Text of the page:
“Fewer countries are buying this commodity, so more energy will be generated from the burning of fuel oil, which is a tremendously polluting activity. This policy is ultimately costing the country quite a great deal. Generating 1MW of wind energy costs US$20. Generating 1MW of solar power costs US$50. Generating 1MW of power through the burning of fuel oil costs around US$100,” outlined Óscar Fernández López, LATAM Director General, Revergy. Other fossil fuels are likewise cheaper: “Natural gas is cheaper compared to fuel oil, but in Mexico it is a political decision more than an economic one,” said Castro.


Conflicting Scenarios for Mexico’s Fuel Oil Use

SENER data on Mexico’s power production shows that fuel oil has lost a lot of ground in recent years, hitting a nadir in 2020. Most fuel oil is burnt by CFE’s aging thermoelectric power plant portfolio. But its dispatch is being rapidly replaced by private renewable energy projects and CFE’s modern, natural gas-fired combined cycle projects. According to data reported to SENER by CENACE in April 2019, energy generated at thermoelectric plants amounted to 3.2 million MW/h. By April 2020, that number reached 1.6 million MW/h, representing a decrease of 51 percent in just one year. In 2021, this figure has mostly stabilized. Notably, CFE’s thermoelectric plants have also largely been adapted to burn lesser-polluting fossil fuels like natural gas.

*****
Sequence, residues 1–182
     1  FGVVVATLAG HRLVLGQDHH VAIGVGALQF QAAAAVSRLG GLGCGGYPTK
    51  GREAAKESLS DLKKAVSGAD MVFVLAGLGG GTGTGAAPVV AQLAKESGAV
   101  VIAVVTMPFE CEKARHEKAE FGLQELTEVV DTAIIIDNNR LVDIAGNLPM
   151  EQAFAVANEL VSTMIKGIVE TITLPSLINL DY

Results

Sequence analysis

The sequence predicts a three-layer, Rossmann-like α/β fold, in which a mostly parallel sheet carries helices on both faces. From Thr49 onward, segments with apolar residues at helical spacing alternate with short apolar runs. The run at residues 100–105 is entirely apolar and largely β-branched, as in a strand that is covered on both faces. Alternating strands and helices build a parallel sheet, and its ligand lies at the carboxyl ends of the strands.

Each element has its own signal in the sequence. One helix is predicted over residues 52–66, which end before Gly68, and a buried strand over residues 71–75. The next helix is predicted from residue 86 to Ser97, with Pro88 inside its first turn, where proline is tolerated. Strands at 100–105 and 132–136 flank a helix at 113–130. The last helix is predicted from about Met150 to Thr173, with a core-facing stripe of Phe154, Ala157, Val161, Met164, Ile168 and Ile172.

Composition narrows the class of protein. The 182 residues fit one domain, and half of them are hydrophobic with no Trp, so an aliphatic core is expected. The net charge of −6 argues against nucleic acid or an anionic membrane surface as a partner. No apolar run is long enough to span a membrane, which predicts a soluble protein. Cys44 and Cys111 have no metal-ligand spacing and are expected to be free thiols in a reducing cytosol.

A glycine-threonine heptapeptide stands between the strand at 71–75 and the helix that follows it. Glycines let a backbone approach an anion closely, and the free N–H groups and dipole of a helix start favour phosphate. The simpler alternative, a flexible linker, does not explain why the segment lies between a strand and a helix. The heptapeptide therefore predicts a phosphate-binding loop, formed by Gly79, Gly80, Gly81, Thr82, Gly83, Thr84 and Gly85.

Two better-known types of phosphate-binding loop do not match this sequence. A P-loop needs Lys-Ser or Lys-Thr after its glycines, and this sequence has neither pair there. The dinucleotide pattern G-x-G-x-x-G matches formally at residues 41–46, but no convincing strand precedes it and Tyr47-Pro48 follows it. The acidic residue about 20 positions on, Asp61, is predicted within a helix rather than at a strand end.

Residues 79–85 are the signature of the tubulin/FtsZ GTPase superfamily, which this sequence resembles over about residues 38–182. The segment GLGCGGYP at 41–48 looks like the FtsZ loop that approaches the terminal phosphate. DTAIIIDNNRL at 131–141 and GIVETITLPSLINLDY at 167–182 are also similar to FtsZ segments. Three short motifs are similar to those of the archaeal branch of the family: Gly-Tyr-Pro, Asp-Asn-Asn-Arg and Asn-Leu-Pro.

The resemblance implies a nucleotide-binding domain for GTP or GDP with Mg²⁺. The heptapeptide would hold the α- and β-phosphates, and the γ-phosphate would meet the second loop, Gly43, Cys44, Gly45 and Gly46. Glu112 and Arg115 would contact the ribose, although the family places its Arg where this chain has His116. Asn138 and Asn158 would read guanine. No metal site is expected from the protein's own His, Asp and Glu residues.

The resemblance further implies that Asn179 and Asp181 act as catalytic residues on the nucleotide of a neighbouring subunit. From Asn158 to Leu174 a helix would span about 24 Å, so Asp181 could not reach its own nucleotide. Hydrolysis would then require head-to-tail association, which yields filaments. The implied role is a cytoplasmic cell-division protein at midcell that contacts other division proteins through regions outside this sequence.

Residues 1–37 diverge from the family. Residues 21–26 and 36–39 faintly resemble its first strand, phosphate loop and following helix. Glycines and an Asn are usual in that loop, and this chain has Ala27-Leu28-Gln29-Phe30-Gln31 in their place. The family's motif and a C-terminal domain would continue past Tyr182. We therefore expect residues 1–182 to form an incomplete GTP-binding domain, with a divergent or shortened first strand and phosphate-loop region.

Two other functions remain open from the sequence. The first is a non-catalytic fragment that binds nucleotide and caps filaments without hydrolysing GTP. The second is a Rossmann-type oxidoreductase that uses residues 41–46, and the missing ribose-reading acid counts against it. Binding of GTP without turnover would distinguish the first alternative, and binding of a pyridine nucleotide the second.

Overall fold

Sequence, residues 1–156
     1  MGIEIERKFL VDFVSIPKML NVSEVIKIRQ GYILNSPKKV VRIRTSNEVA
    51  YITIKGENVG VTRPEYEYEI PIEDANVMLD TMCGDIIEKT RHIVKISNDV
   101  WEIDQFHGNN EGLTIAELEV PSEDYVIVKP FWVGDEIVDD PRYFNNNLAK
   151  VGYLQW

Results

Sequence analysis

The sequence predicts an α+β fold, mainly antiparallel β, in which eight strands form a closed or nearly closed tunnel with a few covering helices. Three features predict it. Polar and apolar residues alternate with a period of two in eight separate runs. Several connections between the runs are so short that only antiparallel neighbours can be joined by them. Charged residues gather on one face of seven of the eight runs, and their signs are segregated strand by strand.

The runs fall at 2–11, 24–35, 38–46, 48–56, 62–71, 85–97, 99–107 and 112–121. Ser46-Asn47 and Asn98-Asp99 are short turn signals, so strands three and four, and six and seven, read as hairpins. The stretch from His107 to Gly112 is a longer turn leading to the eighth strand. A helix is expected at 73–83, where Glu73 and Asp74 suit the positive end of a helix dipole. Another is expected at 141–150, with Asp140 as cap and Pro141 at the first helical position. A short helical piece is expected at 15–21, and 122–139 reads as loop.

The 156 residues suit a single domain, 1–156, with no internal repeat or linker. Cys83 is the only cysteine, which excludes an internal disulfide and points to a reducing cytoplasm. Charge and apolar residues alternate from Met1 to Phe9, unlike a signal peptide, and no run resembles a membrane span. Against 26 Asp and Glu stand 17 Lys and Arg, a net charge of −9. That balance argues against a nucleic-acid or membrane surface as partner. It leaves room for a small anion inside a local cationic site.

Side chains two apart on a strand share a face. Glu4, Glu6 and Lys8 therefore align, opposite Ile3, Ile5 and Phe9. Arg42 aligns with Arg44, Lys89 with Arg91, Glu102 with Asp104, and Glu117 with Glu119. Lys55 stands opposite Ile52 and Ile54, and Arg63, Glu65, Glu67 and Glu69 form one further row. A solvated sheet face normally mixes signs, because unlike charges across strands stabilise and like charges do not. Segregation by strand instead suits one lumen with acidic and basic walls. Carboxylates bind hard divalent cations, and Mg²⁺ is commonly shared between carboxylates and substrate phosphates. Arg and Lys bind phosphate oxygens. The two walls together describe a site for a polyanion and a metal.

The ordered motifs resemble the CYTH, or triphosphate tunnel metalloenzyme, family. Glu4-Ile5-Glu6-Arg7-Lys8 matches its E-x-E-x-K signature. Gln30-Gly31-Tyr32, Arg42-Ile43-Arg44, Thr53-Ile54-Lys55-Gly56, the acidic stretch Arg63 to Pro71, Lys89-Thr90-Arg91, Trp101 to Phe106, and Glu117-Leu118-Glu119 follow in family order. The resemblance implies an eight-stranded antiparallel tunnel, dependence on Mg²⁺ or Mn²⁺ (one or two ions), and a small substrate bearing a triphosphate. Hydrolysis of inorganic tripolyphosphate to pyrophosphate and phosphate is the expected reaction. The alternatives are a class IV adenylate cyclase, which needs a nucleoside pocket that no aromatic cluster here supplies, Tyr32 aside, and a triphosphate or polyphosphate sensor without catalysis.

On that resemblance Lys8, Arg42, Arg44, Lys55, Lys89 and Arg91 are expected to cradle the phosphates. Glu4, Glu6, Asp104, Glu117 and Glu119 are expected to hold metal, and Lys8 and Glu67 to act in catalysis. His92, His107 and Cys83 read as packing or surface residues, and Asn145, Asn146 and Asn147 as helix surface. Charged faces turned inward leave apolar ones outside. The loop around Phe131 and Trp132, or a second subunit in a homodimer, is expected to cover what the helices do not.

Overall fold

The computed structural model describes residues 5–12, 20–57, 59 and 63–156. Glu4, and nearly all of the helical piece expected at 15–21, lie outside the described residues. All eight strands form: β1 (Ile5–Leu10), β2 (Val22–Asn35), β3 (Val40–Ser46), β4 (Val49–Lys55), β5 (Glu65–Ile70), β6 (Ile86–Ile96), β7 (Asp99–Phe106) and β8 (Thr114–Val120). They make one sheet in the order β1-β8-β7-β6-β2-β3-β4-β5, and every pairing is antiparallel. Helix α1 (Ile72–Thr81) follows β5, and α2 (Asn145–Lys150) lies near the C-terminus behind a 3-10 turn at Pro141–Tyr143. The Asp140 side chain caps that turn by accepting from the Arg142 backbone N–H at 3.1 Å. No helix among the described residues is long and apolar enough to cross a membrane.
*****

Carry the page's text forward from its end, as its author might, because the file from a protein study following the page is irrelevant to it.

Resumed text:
Regardless, analysts see plenty that feeds their concern. Mexico’s previous administration planned to decommission several thermoelectric power plants but they remain operational under the López Obrador administration. Via a slew of measures, the government has sought to prioritize CFE in the dispatch over cheaper, privately run power plants, which could push older thermoelectric capacity back into relevance. Furthermore, media outlets like BNAmericas have reported on a confidential fuel oil purchase agreement between PEMEX and CFE. In a more overt reference, last year’s PRODESEN aimed to “make the most of fuel oil for electrical generation,” with added steps to lower sulfur levels.

The government, however, contradicts these notions, at least through its rhetoric. “We want to eliminate fuel oil, but you cannot do that from one day to the next,” Bartlett told Reuters in May of this year. President López Obrador has championed CFE’s hydroelectric power plants, which he said can replace coal and fuel oil-based power generation, and aims to upgrade them with a US$1 billion investment. New capacity based on polluting fuels is also out of the question: “We do not have any plans to build plants that produce energy via coal or fuel oil. What is more, we are investing to process fuel oil and convert it into gasoline,” said the president on another occasion. Though much has been said about Tula, there are indications that CFE would rather fuel it with natural gas if it were not for the fact that the pipeline projects supplying the power plant have been stalled since 2015. The government’s actual plans for fuel oil remain unclear. Until uncertainty clears, it pays to keep energy developments under careful observation.